I wonder why I am overweight with the way that I eat. I try to maintain a diet of less than 80 grams of carbs each day, and even followed a SPC diet for 3 months and lost no weight. If I go below 80 grams a day with carbs, I begin to shake…so much so that I can barely turn the pages of a book. My blood sugar levels are running in the low 90s fasting, with an HbA1C of 5.9. Years ago, I followed a fairly low fat diet with higher carbs and lost 18 pounds, yet my reasoning tells me this can't be healthy! I had a lot more acid reflux on that diet as compared to very little on a lower carb diet. . . . Years ago I went on the Schwarzbein diet of 60 grams of carbs a day. I gained weight and was shaking all the time! How is this possible on such a low level of carbs? I do not crave carbohydrates. I don't crave bread or candy or rice, yet I can't seem to go so low in carbs without terrible side effects: shaking, despondent sinking feeling, unable to move or exercise at levels very low – 20 to 40 grams or so. What is wrong with me? I hope you can lay this mystery to rest! Thank you so much.
If we see other people thrive on low-carb we might ask “what's wrong with me?” Or if we thrive on a particular diet and see someone else who doesn't, we might ask “what's wrong with you?” We should instead be asking what's wrong with the diet, or what's wrong with the diet's interaction with the particular person.
Some people just need someone they respect to validate their concerns and make them feel like it's ok to trust their own bodies and learn from their own experience.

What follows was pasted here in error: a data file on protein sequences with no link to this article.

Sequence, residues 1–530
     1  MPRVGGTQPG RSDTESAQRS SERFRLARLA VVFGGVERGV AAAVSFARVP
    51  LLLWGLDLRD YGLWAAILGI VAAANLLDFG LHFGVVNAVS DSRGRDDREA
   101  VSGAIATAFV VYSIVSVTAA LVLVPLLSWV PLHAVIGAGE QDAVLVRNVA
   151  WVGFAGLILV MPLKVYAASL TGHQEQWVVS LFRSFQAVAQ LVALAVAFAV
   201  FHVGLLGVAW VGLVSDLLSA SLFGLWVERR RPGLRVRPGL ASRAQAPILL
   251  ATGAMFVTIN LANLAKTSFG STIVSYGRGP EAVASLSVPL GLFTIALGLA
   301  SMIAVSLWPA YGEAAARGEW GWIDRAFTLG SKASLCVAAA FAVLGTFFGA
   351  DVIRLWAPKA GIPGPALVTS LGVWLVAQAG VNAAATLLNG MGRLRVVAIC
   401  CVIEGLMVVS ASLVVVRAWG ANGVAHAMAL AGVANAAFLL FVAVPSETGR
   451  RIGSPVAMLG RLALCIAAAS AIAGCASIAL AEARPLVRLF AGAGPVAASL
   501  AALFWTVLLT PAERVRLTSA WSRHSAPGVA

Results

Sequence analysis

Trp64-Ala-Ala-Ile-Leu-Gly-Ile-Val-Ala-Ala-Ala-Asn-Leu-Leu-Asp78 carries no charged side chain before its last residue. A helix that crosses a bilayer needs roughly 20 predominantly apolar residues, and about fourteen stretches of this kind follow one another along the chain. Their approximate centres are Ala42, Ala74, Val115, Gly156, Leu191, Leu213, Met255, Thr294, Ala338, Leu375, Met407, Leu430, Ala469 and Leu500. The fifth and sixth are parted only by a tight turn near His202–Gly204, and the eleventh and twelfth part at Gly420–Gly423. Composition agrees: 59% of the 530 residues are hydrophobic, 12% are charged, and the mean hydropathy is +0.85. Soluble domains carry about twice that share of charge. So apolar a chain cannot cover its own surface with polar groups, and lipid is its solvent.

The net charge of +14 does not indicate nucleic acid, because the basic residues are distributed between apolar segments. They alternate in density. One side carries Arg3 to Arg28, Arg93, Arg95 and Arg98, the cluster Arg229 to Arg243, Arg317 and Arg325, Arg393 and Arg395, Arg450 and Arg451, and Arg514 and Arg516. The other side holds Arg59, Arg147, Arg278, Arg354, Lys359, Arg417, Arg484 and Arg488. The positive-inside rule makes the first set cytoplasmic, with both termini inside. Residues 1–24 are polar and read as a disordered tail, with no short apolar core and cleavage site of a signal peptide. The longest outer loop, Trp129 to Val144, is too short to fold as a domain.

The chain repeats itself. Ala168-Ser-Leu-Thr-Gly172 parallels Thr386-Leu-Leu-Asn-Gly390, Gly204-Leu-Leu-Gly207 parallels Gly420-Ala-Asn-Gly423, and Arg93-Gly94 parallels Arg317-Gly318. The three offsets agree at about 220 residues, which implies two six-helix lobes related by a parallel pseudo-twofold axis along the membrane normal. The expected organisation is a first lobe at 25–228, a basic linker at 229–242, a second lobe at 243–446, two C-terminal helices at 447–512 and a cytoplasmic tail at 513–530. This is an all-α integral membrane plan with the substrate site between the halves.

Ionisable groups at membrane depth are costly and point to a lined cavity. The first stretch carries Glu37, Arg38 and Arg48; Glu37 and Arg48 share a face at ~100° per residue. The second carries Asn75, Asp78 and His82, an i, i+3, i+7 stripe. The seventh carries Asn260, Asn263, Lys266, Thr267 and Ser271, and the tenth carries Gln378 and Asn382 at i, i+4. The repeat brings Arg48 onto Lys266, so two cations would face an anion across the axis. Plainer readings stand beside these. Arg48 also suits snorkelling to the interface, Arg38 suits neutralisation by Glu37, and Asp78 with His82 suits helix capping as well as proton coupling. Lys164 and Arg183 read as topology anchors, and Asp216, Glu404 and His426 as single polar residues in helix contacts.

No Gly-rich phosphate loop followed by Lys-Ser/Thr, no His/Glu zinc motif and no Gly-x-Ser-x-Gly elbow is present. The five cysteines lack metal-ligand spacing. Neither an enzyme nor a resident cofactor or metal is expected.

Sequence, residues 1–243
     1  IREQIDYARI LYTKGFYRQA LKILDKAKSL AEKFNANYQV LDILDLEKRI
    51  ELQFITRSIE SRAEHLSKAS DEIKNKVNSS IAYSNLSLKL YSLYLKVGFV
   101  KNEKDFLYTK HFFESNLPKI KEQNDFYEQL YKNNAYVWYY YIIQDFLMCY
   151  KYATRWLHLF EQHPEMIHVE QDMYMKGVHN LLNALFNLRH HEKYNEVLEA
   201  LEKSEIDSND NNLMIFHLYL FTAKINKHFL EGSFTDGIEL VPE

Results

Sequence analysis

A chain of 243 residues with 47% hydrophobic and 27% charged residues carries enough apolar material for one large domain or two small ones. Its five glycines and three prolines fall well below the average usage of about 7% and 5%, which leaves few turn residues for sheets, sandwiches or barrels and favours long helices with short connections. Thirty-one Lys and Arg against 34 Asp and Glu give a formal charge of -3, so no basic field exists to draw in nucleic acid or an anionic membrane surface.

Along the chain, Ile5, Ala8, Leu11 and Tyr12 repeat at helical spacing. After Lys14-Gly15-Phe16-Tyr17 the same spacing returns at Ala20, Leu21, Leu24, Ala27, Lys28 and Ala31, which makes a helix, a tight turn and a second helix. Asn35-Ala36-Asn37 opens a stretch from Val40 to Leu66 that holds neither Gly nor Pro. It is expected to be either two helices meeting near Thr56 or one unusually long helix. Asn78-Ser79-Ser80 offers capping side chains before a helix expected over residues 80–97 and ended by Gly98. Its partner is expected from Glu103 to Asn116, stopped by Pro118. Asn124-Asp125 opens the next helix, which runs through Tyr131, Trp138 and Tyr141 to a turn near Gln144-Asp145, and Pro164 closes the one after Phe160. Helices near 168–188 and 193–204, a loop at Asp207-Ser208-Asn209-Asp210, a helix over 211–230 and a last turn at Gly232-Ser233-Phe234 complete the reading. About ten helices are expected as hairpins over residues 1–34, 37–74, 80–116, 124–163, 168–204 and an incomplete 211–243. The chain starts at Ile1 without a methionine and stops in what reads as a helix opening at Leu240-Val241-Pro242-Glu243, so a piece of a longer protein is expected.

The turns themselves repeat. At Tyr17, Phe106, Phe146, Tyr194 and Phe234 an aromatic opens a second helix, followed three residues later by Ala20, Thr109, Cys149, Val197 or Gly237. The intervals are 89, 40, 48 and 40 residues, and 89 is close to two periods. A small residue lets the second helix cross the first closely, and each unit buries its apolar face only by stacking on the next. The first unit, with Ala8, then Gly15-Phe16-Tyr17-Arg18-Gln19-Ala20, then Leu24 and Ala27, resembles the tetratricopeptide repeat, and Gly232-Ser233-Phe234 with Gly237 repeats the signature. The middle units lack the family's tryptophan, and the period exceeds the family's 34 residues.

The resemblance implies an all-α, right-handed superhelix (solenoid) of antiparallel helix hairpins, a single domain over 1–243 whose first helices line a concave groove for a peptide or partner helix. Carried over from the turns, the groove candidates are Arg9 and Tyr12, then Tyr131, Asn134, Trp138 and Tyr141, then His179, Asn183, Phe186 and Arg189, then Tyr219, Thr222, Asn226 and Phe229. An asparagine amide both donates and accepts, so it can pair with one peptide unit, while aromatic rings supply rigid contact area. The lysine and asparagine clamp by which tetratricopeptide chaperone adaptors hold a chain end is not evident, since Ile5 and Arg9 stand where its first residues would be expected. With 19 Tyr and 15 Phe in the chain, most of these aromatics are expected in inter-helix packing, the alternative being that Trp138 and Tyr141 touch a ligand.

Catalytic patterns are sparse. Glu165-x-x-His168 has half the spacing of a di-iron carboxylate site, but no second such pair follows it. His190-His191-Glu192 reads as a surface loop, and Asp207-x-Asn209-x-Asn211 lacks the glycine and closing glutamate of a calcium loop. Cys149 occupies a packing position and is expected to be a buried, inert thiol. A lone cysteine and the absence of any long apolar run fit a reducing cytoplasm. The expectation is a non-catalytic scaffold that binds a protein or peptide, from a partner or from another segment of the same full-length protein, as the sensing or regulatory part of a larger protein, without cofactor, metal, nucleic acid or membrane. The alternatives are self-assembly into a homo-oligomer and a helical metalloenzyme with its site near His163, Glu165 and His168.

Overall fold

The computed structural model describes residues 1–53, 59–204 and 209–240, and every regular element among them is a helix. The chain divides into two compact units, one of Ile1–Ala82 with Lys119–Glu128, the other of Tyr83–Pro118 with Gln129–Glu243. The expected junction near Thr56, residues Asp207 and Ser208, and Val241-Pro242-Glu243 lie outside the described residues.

A False Sense of Permanence
In the third type of dietary dogmatism, when we have a success, we may feel that we've found all the answers for at least ourselves, but this may be a false sense of security.
I have found that over the years since I've retreated from vegetarianism, I have increased my ability to eat a more plant-based diet for periods of time. I also find that if I eat a diet very low in muscle meats and rich in organ meats for a few months, I can go two months on a practically vegan diet, with maybe some oysters and clams here and there, and feel terrific. How we feel right now is not just influenced by what we ate today, but how we ate the last week, three months ago, six months ago, three years ago, and so on. As a result, what was true of my ability to eat one type of diet for a period of time six years ago is not true of my ability to eat the same type of diet for a period of time today.
Likewise, what is optimal for us might change over time. We might spend a period of time correcting past deficiencies and imbalances, but perhaps a time will come when we are replete and it is time to tweak our diet again.
Finally, we may have found only part of the answer. If we lost 100 pounds with one diet, but we have 100 pounds more to lose that just won't come off, we're not done searching. If we improved our anxiety but now our hair is falling out, we're not done searching. A time may come when we choose to re-evaluate our past successes and consider whether the paradigm we used to interpret them should be modified. Our success may have been real, but our interpretation of it may not have been.
Thus, even our own success can trap us into harmful dogmatism if we don't keep an open mind.
The Chinese philosopher Lao-Tzu taught that the weakest thing in heaven and earth conquers the strongest. Substances that are inflexible break apart much more easily than those that bend. If we learn to bend a little, we will find ourselves winning our battles much more often. Lao-Tzu was a smart guy.
(See also my conversation with Anonymous).